My Marketing Manager, which is a fancy word for Wife, suggested I start blogging. I struggled with the notion of putting thoughts to a series of palatable 0’s and 1’s that people would be interested in, especially when computer hardware, cryptocurrency, and the cloud are saturated with opinions spread thick across the web via text and the easily digested and frequently argued about YouTube. I gather that as a first post, I’d like to shoot straight from the hip and level about 2021. I offer a fair warning, these are my opinions and the occasional swear word arises.
I launched ETK Compute live to the world the first week of January, with bright eyes and interested parties abound. I was off to a wild start, orders piled in from across the globe. This was it! After several attempts at toiling in cubicles and being beaten mercilessly in the process, I could now blaze a path with the crazy notion that, be damned the competition, I was going to carve my own space.
Then suddenly a dark haze started to appear as I accrued inventory and began the process of shipping builds. The night fell quick and fast and the ravenous beasts known as “The Scalpers” began to rip and tear at my margins. The sudden influx of shortages, in many ways thanks to literal acts of god and boats getting wedged in tight places, put “The Dream” on hold.
I had previously passed and held the certification for an AWS Architect Associate and realized very quickly I had to expand to not just one area of expertise to stay relevant. And by relevant I really mean making my car payment. So here we are now, ETK Compute - Not just computer hardware anymore, I am laying my stake in the Cloud.
The largest and most daunting goal to this expansion is not the expertise in how to leverage the tools available but the education necessary for not just the customer, but their user base. I am still surprised at the amount of fear and distrust of the Cloud I regularly hear. It truly is odd to hear about a data center being an omnipotent dangerous beast, when the data center, probably 3 city blocks away, is storing all 12,000 of the terrified parties unread Williams-Sonoma promotional emails mixed in with their personal information and correspondence.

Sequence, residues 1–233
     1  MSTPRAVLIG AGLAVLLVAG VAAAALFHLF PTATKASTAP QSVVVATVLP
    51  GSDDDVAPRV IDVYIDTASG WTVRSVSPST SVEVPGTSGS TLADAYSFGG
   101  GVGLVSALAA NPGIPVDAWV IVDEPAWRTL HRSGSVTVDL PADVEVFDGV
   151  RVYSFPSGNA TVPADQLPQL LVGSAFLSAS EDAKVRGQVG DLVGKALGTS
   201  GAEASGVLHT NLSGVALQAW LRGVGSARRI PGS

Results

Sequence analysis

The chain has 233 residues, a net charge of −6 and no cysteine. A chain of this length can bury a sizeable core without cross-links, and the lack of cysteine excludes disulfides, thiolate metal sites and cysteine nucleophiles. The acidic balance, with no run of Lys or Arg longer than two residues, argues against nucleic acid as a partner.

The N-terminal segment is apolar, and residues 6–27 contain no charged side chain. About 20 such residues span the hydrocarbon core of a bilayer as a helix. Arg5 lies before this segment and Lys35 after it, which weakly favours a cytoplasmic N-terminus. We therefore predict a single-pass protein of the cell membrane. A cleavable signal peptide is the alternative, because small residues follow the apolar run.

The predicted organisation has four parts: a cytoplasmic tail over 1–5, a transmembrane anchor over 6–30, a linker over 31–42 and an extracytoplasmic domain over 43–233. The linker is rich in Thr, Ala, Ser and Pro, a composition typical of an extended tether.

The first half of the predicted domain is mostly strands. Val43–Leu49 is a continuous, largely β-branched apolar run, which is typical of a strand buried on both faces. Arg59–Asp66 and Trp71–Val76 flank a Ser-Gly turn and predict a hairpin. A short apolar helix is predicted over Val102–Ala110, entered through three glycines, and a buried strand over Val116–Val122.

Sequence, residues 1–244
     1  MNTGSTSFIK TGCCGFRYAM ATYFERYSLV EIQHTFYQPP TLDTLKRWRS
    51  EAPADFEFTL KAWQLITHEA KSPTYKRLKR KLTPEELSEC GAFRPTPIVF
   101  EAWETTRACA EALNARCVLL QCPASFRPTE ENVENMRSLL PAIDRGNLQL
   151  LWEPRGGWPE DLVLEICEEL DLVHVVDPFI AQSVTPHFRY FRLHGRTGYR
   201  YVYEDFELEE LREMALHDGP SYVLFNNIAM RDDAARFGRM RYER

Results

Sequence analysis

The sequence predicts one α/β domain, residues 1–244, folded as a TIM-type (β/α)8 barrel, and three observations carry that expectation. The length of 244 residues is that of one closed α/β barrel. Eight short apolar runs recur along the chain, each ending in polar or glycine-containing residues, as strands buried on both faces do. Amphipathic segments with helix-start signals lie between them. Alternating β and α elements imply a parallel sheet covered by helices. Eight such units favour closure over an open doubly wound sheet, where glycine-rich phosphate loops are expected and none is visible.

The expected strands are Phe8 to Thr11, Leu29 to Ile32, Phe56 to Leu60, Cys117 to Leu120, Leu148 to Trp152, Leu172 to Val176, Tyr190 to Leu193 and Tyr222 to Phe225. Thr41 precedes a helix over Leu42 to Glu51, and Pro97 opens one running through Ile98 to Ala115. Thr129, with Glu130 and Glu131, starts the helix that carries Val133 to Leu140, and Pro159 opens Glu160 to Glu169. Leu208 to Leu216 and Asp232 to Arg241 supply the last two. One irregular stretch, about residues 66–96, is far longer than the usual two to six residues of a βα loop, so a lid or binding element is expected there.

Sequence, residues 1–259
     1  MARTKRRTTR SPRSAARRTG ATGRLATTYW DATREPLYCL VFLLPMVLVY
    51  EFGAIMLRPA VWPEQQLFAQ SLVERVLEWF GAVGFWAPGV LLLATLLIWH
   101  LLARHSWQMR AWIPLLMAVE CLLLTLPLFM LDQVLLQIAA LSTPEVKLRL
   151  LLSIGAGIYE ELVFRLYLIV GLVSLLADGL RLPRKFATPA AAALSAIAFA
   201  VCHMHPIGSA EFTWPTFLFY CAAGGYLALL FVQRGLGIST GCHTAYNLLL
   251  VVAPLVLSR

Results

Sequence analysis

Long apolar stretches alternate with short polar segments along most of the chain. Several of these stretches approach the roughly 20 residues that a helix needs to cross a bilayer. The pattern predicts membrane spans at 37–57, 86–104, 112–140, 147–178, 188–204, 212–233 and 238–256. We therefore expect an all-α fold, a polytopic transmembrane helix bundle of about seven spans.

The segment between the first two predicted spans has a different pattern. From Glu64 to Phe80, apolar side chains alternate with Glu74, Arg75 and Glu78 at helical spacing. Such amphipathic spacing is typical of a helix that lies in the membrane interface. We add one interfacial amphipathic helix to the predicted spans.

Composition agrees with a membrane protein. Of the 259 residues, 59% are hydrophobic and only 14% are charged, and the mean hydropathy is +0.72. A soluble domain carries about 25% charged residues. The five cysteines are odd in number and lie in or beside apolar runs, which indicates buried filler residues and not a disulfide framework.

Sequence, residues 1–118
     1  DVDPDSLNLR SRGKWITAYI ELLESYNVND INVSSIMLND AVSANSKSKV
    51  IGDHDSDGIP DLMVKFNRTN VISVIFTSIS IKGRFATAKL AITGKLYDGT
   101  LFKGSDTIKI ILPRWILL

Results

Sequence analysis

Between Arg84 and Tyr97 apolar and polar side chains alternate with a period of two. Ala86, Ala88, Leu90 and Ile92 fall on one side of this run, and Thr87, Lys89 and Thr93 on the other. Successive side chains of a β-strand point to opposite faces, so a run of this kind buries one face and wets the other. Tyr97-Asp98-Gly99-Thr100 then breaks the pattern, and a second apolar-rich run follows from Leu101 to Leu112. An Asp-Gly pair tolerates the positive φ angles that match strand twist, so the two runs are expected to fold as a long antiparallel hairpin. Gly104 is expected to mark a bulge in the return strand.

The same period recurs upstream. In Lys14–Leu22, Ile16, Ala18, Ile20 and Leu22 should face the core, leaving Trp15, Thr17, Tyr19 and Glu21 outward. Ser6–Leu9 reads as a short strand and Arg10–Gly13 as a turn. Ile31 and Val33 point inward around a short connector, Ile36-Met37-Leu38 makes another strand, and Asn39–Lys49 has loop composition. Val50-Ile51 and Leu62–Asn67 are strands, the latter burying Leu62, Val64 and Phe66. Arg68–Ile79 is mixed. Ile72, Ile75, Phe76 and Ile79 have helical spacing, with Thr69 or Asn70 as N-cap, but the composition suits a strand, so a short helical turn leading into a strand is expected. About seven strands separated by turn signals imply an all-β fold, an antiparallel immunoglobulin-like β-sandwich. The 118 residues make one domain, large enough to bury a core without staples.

As part of the process to get a thorough understanding of what I was in for, I read a book by Stephen Orban called “Ahead in the Cloud: Best Practices for Navigating The Future of Enterprise IT.” One of the key elements, that I will paraphrase, is that you don’t start with a large daunting project. You take it piece by piece and have small successes that lead to a major victory.
So with this philosophy in mind, I’ve applied it to several spaces in my life, not just in the Cloud but as a parent, husband, and friend. Albeit an 11 month old doesn't really care about small successes and would prefer to inhale another fruit squeeze than eat the carefully prepared meal their mother concocted for them. Now you, the accompanying party in parenthood, have to sell why chicken and white beans is the best damned thing you’ll ever eat.
So as not just a performance PC designer or as an Infrastructure architect, I can promise you that I practice what I preach.
There are some wonderfully talented people who accompany me on this journey, either willingly or in tow.
My wife Rebecca who started as an adept Marketing Manager in spaces ranging from hotel brands and loyalty, a CPU manufacturer (purely incidental), and then cookies, coffee and sandwiches, is the saving grace to how I don’t promote myself into being “World’s Worst Tech Company.” I'll save that for telecom companies and AAA game studios. She currently is a consultant working on a very niche portion of software that a very large organization with a very large omnipotent tower in downtown San Francisco provides.
Tom, whose experience in consulting in SaaS, is a wealth of knowledge that I try to tap as often as possible. He is the overseer of rationality and how not to poke your eye out with a screwdriver. His main goal is preventing me from seeing if we get better benchmarks on a rig while on a balloon in the cold atmosphere. I’m still partial to that idea, but the insurance requirements and premiums have more commas and zeros.
Jake fills the tough space of customer interaction and successfully gets engagements in front of me. He is an avid gamer and his rig holds the serial number ETK 001. He has experience in business operations.
Ed, our mascot, is a 4 year old Formosan Mountain Dog. He is a direct adoption from Taiwan and, given the circumstances of his life before us, has become more of a person than a dog and occupies more real estate on a queen sized bed than thought possible. Do not be surprised if there are pictures of him frequently presented. The picture below is his optimal state when there is work to be done.
Those are just three of many people who are feverishly supportive and go well beyond practical and rational bounds to advise, encourage, and celebrate with me this ridiculous foray into self-driven business in tech. There is a distinct possibility that some may be contributors to the several kilobytes of text that will be served in the not so distant future.